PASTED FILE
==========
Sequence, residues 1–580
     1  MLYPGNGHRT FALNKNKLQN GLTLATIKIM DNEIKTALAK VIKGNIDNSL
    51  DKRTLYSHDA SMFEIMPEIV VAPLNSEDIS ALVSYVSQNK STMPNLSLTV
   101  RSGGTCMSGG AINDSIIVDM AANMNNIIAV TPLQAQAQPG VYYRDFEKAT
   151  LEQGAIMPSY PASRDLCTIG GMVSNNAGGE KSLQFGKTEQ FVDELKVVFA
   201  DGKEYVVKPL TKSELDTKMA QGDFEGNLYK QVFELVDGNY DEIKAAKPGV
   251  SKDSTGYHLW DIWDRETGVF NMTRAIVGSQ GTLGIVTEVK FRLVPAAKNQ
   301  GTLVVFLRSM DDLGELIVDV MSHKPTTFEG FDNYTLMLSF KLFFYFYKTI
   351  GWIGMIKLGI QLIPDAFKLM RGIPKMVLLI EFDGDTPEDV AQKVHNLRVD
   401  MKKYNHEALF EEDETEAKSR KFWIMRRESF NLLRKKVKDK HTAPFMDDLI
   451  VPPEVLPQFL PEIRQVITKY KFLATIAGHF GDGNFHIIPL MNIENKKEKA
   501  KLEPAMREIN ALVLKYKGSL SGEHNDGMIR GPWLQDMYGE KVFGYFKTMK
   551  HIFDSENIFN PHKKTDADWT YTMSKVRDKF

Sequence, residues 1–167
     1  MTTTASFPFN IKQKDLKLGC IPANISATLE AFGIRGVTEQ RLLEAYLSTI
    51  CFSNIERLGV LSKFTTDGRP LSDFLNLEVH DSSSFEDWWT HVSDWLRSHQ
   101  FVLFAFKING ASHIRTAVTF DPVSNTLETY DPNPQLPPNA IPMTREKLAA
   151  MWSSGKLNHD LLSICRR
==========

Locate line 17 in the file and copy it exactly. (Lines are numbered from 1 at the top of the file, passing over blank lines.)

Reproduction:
   101  FVLFAFKING ASHIRTAVTF DPVSNTLETY DPNPQLPPNA IPMTREKLAA